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New Jersey EMS Task Force Talks Capabilities with Healthcare Coalitions

This article is a direct street report from our correspondent and has not been edited by the 1st Responder newsroom.

New Jersey EMS Task Force leaders have spent the past several weeks meeting with regional, statewide healthcare coalitions to connect with crucial emergency management and healthcare stakeholders and explain the organization's capabilities.

The meetings, which will continue in the coming months, feature NJ EMS Task Force team members sharing information about what the NJEMSTF can do and how the team can help them respond to large-scale natural and man-made disasters.

“These events were designed to increase awareness about the New Jersey EMS Task Force and to meet our colleagues face-to-face in a non-emergent setting,” said Mike Bascom, state leader and non-profit chairman of the NJ EMS TF.  “The NJ EMS Task Force is a full-scale response system, with highly trained members and equipment strategically stationed around the state, and we want everyone to know what we can do.”

Each presentation included members of the NJEMSTF team leading engaging discussions about what the organization does, what it’s prepared to do, and how it can help when an incident exceeds the local capabilities. Bascom, Jennifer McCarthy, board member and vice president of the NJEMSTF, Michael McCabe, State Leader,  and Chuck Uhl, H. Bucky Buchanan, and Steve Cicala, Jr, state planners, delivered the outreach program. The team also shared information with attendees about how members of the healthcare coalitions can activate the NJ EMS Task Force.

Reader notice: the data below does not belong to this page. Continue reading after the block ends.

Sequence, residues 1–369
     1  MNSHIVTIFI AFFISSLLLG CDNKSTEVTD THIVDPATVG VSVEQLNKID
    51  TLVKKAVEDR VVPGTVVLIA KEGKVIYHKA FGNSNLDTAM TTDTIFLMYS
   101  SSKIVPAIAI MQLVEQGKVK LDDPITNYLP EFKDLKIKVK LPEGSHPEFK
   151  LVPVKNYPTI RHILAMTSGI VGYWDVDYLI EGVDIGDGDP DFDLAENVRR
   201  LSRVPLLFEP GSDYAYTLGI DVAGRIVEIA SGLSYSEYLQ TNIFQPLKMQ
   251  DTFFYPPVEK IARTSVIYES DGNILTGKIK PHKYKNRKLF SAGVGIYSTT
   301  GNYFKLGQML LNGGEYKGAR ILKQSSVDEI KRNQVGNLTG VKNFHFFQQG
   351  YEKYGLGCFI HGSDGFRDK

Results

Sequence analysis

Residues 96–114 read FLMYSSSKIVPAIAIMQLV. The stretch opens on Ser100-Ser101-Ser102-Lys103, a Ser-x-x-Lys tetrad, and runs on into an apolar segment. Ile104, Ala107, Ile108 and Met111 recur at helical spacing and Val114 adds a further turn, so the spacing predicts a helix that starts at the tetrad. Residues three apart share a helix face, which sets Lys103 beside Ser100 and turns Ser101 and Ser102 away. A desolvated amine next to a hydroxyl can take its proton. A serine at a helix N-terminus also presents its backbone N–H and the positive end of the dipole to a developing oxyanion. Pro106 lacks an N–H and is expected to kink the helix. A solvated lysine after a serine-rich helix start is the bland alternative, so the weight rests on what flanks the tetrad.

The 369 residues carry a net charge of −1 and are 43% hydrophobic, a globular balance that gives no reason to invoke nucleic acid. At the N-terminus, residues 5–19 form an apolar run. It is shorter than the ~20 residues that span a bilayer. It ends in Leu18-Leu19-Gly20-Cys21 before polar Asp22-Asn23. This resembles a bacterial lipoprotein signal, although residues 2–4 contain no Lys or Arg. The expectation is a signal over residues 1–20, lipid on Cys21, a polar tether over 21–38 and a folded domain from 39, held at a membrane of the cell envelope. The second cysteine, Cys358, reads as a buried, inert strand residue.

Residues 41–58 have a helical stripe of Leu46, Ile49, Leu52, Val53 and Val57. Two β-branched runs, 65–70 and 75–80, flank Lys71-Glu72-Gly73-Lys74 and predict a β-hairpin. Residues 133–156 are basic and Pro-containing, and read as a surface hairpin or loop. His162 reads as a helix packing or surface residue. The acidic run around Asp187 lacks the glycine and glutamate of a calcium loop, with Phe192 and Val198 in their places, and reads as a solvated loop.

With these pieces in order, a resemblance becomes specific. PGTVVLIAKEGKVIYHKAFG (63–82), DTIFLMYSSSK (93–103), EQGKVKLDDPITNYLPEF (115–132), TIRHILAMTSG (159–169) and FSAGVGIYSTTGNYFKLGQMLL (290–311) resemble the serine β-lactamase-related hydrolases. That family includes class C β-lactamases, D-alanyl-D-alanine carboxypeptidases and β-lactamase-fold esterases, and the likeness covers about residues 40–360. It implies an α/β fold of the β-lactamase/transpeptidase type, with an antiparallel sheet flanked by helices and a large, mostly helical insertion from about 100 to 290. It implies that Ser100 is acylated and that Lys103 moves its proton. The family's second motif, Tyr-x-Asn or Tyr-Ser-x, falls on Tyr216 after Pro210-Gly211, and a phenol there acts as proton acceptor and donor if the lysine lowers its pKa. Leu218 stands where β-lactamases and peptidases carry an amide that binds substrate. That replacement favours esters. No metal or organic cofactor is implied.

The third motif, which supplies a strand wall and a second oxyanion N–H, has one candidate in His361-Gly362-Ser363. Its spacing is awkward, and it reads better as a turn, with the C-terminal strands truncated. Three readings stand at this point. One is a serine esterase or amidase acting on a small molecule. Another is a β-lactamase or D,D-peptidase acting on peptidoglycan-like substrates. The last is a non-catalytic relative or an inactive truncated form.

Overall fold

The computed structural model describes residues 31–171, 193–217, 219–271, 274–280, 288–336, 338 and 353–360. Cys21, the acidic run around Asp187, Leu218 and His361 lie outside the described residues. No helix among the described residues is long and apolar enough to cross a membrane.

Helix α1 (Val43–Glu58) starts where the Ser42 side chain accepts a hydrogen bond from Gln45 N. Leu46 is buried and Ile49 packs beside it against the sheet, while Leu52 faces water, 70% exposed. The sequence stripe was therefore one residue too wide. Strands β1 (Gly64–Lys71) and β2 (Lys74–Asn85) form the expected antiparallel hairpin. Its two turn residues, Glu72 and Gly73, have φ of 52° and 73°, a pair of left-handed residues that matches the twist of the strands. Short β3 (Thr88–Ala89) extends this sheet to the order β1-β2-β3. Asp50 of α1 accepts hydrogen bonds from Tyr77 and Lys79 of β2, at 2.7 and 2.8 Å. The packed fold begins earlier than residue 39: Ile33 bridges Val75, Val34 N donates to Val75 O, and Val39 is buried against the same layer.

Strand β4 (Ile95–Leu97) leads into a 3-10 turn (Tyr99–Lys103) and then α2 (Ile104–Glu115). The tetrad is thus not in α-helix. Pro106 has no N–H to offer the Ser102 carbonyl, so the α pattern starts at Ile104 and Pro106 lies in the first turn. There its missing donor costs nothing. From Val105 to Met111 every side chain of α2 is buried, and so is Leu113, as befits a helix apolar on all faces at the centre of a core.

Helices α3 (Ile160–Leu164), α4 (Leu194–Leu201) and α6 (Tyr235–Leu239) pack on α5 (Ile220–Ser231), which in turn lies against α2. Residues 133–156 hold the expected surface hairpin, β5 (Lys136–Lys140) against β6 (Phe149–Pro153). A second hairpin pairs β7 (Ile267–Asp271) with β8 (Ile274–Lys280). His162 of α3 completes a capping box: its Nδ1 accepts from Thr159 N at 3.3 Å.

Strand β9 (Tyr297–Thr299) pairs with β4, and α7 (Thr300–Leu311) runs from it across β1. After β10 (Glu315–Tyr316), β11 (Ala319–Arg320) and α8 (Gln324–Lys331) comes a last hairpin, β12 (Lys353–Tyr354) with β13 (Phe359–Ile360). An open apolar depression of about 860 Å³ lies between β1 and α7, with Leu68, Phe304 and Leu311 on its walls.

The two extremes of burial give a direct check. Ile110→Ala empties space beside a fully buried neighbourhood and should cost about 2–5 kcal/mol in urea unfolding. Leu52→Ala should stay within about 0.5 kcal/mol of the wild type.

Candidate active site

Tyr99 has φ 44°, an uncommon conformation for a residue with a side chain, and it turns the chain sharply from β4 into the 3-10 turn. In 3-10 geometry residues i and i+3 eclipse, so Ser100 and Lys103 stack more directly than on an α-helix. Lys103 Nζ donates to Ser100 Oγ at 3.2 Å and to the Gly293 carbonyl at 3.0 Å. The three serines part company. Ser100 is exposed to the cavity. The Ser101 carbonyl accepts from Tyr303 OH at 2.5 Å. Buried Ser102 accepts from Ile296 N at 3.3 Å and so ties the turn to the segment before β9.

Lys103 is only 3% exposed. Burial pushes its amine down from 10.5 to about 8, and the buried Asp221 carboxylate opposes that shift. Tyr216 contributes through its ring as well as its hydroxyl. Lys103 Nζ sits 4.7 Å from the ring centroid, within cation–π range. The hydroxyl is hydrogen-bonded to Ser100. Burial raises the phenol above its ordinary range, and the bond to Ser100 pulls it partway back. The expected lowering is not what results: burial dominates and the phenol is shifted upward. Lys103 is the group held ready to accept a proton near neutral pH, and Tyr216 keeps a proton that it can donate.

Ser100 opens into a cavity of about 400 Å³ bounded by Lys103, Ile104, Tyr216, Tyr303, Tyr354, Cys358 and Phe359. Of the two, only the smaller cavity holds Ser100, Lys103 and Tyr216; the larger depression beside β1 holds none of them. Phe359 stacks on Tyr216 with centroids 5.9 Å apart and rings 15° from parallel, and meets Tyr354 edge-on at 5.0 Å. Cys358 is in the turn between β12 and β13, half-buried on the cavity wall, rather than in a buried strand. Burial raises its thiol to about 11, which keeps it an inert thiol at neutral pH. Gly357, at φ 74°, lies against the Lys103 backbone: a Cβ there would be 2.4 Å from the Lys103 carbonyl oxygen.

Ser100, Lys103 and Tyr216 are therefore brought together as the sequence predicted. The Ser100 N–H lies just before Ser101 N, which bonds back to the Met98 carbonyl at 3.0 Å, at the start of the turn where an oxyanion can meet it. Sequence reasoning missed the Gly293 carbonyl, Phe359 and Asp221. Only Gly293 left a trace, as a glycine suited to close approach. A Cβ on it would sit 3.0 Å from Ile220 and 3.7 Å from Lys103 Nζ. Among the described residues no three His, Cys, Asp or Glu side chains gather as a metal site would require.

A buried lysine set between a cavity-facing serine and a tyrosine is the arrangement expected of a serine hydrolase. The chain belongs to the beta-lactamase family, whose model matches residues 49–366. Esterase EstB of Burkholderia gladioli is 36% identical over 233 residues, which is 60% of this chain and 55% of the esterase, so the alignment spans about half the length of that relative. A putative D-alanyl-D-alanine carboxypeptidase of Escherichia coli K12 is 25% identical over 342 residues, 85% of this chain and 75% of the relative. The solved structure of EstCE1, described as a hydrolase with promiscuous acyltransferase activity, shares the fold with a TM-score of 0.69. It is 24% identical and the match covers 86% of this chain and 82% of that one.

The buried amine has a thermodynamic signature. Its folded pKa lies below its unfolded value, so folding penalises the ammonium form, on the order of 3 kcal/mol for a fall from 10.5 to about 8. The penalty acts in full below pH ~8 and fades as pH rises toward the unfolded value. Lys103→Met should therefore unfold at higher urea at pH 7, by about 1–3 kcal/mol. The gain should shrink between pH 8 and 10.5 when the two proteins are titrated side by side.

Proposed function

The NJ EMS Task Force was created after the Sept. 11, 2001 terrorist attacks. In the weeks and months after the attacks, EMS leaders from around the state gathered to develop a plan for an organization to train for and coordinate a statewide EMS response to any disaster. Today, The New Jersey EMS Task Force represents 200 career and volunteer providers and is used as a model nationwide. The team has been critical to New Jersey’s COVID-19 pandemic response. And in 2023, the organization responded to several wildfires impacting thousands of acres of land and floods that required the evacuation of assisted living facilities while also developing and updating disaster response plans.

“Grants and donations completely fund our organization,” Bascom said. “These meetings help increase our visibility when funding decisions are being made by political leaders on the local, state, and national levels. We must be in that discussion to ensure the NJEMSTF remains mission-ready every day.”

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RICHARD HUFFSenior Correspondent

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